GDPR - Why is it important?

Why GDPR is important?

The GDPR aims primarily to give control to individuals over their personal data and to simplify the regulatory environment for international businesses by unifying the regulation within the EU.

When we talk about international businesses, here in Mauritius, many will say we trade locally only. You can be wrong when you have a website. When you have a website you are no more local. You have gone worldwide.

What is the fine for breaking the rules?
The GDPR aims primarily to give control to individuals over their personal data and to simplify the regulatory environment for international business by unifying the regulation within the EU

Even Google has not been spared!!!

The recent fine of €50 million (US$57 million) imposed on Google for breaking privacy laws under the EU’s General Data Protection Regulation (GDPR) has certainly shown that the new rules have big consequences for corporations and marketers and one for all companies to pay close attention to.

In January, France’s data protection office (CNIL) found the tech giant in violation of the laws by failing to obtain adequate consent from users when processing their data for the purpose of personalized advertising. In addition, it was ruled that Google did not provide information that was clear and easily accessible to consumers about how their information is collected and held.

The Case: Google’s Breach of the Rules

The CNIL initiated its investigations following two complaints it received against Google in June 2018, very soon after the implementation of GDPR. The complaints were lodged by NOYB and La Quadrature du Net, a group mandated by 10,000 data subjects to file a complaint. They claimed that Google did not have a valid legal basis to process the personal data of its users for the purposes of its user behavioral analysis and ad personalization activities. 

To investigate the complaints, the CNIL initiated a series of online inspections on Google's platform, and ultimately determined that Google had breached fundamental aspects of the GDPR.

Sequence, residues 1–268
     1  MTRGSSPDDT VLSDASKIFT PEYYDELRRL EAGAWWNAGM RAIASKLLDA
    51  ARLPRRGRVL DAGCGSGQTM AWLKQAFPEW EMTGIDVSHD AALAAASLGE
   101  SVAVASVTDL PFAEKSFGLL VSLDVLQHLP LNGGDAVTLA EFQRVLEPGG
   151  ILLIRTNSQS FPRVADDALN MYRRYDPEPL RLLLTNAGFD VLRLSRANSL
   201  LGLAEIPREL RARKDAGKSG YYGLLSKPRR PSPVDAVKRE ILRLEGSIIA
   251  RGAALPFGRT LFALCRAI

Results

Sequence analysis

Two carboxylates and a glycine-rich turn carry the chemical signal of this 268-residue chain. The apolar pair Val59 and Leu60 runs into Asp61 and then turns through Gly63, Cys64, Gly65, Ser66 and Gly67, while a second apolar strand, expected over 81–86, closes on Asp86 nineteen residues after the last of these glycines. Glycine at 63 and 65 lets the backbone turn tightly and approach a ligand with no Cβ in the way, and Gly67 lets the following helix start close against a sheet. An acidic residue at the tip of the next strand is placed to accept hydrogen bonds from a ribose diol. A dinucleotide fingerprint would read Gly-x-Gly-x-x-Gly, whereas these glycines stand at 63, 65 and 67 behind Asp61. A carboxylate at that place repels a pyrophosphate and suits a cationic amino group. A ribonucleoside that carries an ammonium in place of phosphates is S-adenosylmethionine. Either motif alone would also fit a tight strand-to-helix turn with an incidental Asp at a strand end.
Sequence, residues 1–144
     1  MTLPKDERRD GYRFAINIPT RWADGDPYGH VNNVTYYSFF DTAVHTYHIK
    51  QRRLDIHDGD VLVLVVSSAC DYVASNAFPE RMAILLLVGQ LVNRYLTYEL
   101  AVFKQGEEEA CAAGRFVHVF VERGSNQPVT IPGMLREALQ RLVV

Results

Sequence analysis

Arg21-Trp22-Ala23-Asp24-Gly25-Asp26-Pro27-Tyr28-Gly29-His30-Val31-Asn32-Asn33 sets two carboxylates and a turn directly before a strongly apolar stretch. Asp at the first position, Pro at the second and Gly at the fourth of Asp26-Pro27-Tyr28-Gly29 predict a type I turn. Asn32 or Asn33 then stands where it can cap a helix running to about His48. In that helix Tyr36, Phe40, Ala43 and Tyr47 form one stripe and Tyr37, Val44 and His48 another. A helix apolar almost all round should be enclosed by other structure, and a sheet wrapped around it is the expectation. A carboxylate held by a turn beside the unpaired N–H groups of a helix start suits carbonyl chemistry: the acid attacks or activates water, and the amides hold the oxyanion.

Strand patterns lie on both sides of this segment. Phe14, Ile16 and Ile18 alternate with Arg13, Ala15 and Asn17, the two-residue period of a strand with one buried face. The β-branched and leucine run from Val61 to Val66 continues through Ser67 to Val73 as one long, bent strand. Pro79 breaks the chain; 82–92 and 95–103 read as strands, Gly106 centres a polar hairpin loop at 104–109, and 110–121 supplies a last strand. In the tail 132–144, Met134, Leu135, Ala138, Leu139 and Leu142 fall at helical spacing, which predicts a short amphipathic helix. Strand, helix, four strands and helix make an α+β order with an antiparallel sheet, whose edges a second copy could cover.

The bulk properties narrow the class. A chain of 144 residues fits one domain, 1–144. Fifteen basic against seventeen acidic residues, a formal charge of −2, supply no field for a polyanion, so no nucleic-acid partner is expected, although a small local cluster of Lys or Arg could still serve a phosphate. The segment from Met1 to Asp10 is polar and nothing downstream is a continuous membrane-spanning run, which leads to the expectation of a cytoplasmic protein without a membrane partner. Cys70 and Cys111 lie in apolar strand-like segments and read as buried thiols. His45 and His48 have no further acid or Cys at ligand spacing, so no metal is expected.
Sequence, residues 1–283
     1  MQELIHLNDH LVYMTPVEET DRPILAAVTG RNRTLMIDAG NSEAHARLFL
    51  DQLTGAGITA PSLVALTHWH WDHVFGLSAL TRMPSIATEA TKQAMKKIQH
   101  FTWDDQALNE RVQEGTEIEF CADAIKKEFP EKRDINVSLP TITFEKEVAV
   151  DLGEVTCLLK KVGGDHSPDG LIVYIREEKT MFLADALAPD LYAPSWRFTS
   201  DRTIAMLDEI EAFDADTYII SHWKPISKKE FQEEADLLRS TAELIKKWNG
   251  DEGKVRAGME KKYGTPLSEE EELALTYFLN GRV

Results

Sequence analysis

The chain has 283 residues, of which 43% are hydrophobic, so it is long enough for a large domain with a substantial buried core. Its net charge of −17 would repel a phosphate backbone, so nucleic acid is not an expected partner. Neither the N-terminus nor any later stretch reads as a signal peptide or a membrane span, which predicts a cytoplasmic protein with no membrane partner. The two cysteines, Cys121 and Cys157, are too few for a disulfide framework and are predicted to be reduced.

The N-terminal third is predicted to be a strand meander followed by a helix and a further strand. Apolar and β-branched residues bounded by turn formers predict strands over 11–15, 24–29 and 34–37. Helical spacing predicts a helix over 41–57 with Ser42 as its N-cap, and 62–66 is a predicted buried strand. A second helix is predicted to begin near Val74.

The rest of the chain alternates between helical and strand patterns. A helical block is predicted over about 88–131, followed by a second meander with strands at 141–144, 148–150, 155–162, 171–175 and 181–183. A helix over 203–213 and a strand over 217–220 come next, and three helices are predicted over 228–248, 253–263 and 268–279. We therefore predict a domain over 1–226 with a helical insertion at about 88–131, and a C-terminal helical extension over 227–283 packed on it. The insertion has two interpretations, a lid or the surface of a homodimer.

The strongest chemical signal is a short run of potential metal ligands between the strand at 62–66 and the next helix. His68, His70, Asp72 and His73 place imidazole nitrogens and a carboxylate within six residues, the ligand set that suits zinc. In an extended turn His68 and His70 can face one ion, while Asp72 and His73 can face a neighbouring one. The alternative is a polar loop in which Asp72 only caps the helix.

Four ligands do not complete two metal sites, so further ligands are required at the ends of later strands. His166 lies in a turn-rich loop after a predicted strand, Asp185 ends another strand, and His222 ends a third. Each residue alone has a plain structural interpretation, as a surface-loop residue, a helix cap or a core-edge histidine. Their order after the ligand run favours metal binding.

Firstly, the CNIL found that Google did not make the relevant data protection notice easily accessible to users, which breached Article 12 of the GDPR. It was ruled that the notice was “not always clear and comprehensive” and only accessible after several steps were taken by users.

Secondly, they found that Google breached Article 13 of the GDPR, as its notice did not comply with the requirement to provide specific, mandatory information to data subjects. The CNIL held that “users are not able to fully understand the extent of the processing operations carried out by Google” as the information provided was “too generic and vague”. It found Google’s processing activities to be “particularly massive and intrusive” due to the multiple purposes for which the company processed personal data. 

It was deemed that users were effectively unable to exercise their right to opt out of data processing for personalization of ads. Users were not asked specifically to opt into ad targeting, instead of being asked simply to agree to Google’s terms and privacy policy en masse.

It was deemed that this did not meet the “specific” threshold of consent under GDPR, as users are giving just one consent to all of Google’s processing activities rather than separate consent for each purpose of processing.

So look out for the adequate plugin for your website which abides by the GDPR rules and regulation, while doing mass mailing and subscription form or even cookies make sure you have legally acquired those data. 

Know more about the GDPR https://eugdpr.org/

At CDM we respect those rules and regulations while designing your website while giving you mass mailing services and we always give you the best advice to grow up your brand or business in the legit and legal pathway.


The major source of this article is from the Digital Marketing Institute UK ( Membership portal)



Posted in Online Law on Jun 09, 2019


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